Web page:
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Example sentence:

We're heading to the place (where) you're going to have your next challenge.

Is where redundant in situations like this? Why or why not?

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    In your example, where actually means the same as [at] the place. Just as when refers to / means [at] the time in a context like I'll meet you in the station at the time when your train arrives. In principle you can include both elements - but it's unnecessary, and usually we just use one or the other. Commented Oct 26, 2021 at 14:11

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Most people would assume the where if it were omitted.

But without it, the two statements: We're heading to the place and you're going to have your next challenge are linked only by implication. In written texts, punctuation would make things clearer.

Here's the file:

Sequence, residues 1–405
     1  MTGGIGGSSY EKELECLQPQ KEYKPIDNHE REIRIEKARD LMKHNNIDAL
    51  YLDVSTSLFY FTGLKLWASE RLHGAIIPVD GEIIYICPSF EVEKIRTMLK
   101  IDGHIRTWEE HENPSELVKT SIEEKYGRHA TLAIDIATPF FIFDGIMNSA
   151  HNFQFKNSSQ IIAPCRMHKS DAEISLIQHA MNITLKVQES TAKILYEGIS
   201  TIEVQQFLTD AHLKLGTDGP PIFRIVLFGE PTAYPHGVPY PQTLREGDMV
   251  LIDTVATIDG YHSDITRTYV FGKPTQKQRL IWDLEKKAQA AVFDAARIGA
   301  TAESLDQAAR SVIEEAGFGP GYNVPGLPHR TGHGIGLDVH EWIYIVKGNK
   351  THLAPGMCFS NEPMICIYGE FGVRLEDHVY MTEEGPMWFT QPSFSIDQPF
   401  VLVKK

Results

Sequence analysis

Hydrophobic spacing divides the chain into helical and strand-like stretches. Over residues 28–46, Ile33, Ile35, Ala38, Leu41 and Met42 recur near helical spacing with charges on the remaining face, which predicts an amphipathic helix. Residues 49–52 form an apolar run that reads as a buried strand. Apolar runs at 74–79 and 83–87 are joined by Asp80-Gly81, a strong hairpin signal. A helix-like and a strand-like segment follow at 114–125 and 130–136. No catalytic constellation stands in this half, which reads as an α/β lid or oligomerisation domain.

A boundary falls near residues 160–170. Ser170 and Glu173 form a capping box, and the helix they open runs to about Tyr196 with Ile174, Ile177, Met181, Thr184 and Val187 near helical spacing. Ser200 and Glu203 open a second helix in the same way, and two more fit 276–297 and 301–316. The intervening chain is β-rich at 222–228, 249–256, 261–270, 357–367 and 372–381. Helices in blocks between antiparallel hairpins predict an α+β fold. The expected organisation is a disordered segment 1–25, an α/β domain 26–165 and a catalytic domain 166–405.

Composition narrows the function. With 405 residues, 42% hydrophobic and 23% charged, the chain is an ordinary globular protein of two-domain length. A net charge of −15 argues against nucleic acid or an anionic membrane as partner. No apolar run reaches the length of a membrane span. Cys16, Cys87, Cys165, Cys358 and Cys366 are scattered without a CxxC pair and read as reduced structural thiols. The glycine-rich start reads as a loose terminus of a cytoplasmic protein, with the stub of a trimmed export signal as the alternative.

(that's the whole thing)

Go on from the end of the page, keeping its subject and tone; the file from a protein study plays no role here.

You could describe numerous situations in which the two statements would not be linked at all. Context would normally give people a clue. So yes, it is required for the sake of clarity.

The same applies in examples (depending on the punctuation) such as:

Tomorrow is the day (when) you'll meet your father.

Listeners would understand the when to be elided but, without context, room remains for doubt.

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